He Would Have Said, “One Love.”
Live the hell out of life. I want this cliche to resonate more than it does right now. I’ve been repeating it to myself for two days ever since our very close friend (and Julio’s best friend), Sean, died suddenly at the age of 46. Why can’t I feel more inspired to LIVE and DREAM and ACT considering the person Sean was and especially considering that his important, inspiring, loving, beautiful life was gone in one flash, in one puzzling massive heart attack, one collapse at a restaurant at an age younger than mine. But the saying falls flat, cocooned in disbelief and devastation — and fear –, like I’m at a crossroads; the road in front believes the cliche 100% and is willing to put the most daring things into motion. The road behind seems comforting and safe. I want to curl up for a while and not think. I know I’ll regret retreat. Sean would kill me for even looking back.
We met in 1998 on the basketball courts of the infamous Lakeshore Towers in Irvine. During that year there was an NBA lock out and NBA players flocked to these courts to play pick-up games. Julio and I played there twice a week most weeks and on one late afternoon, Julio warmed up with Sean. They casually shot baskets and shot the shit. Both from back east, they connected. Our kids — we both only had one at the time — were the same age. And that was the start of the closest friendship Julio has ever had. They could be real with each other — and loyal and vulnerable, which for two tough guys is not only important, it’s hard to find. What they had was special and it stayed that way no matter where Sean traveled during his career.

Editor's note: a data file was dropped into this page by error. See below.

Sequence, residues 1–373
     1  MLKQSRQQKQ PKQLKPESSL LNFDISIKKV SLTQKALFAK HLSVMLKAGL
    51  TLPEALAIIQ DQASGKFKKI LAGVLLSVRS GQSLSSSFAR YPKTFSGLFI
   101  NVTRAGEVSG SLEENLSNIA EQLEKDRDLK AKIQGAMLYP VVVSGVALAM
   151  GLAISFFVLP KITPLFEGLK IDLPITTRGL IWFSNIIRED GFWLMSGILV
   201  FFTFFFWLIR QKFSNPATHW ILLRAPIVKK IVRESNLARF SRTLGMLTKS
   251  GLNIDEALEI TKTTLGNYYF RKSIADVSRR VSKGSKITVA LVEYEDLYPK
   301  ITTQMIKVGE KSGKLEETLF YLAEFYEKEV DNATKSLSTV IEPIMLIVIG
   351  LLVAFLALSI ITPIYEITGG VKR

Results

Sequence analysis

My first interaction with Sean was during a pick up game at Lakeshore. We were on the same team. I was almost always the only woman to play in these games and the regular players were already really good, but during the lock out, the level of ball went up a hundred fold. So, Sean and I were on a team and I was intimidated — or more, I didn’t want to eff it all up. The amount of respect I had on these courts had been very hard-earned. During one play Sean grabbed a defensive rebound and broke for our basket. I instinctively sprinted too, filling the lane. Defenders gravitated toward Sean so he passed the ball to me and I drove and made the lay up, my defender too late because he was focusing on Sean. The right play was to pass to me and it was so routine and obvious to Sean. Most of the regular players would have kept the ball, even with two defenders on them, turned it over, thinking nothing of it while I’d shake my head in frustration. I was so appreciative of Sean’s lack of ego and that, as a pro, he just played the game how it was meant to be played. Running back down the court, Sean nonchalantly held out his hand. I slapped it. He said, “Good finish.”
Soon after, there were many BBQ’s and dinners and nights out and birthdays and concerts and straight hanging out, talking incessantly and watching movies and games and playing pick-up ball. There were family trips to Palm Springs and Julio traveled to every city Sean was traded. We both had a second child the same year, and they were close when they were little, Maya and Kameron especially. Julio helped Sean immensely through his divorce, and we kept hanging out. Those are my favorite memories of Sean, when the three of us talked ceaselessly about big-life themes. The point always boiled down to: live your best life and be the best person you can.
The last time we went out dancing, we went to The Room in Santa Monica. He and Julio had a little too much to drink and I made them pasta arrabiata at two in the morning. We hilariously blew up an air mattress for Sean so he didn’t have to drive home. At 6’10”, he slept on it diagonally with his big-ass feet hanging off the end. He didn’t care. Because who cares about minor details when you’re with people you love and feel safe — and who will cook you pasta in the wee hours when you’re drunk.
This post makes me feel better. Sharing just a little bit of our friendship helps clear the fog. Thinking about him and his golden character and his desire to always be thoughtful and do right, to be loved, to love, to parent with all his being continues to move me. His complex, gentle mind and three-dimensional ability to love and give mean much more to me than a cliche. That memory of him inspires me to move forward — or it will when I feel a little better.
I love you so much, Sean. Thank you for such a great friendship. You are missed terribly.
7 Sets @ 65% C&J
2 Jerk drives
1 Split jerk
Bike for cal
A) 3 rounds on: 3:00min (2min cap)
5 Pull Ups
10 Push Ups
15 OH Squats w/ pvc
Bike for Cals (30/20)
Run 1250m (Big Loop)